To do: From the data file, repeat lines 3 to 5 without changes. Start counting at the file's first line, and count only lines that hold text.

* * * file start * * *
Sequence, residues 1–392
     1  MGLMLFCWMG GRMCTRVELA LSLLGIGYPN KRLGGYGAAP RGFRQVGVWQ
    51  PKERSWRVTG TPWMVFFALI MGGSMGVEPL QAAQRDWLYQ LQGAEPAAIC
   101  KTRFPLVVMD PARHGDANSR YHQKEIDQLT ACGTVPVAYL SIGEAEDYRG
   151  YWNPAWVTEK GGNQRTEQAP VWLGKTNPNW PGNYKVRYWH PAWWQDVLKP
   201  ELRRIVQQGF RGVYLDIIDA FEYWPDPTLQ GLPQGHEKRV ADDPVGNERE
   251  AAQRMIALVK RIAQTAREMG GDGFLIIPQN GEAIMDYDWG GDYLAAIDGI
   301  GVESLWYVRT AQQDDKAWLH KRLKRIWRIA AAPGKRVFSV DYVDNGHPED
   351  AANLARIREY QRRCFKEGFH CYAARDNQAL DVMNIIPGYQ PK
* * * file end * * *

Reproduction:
    51  PKERSWRVTG TPWMVFFALI MGGSMGVEPL QAAQRDWLYQ LQGAEPAAIC
   101  KTRFPLVVMD PARHGDANSR YHQKEIDQLT ACGTVPVAYL SIGEAEDYRG
   151  YWNPAWVTEK GGNQRTEQAP VWLGKTNPNW PGNYKVRYWH PAWWQDVLKP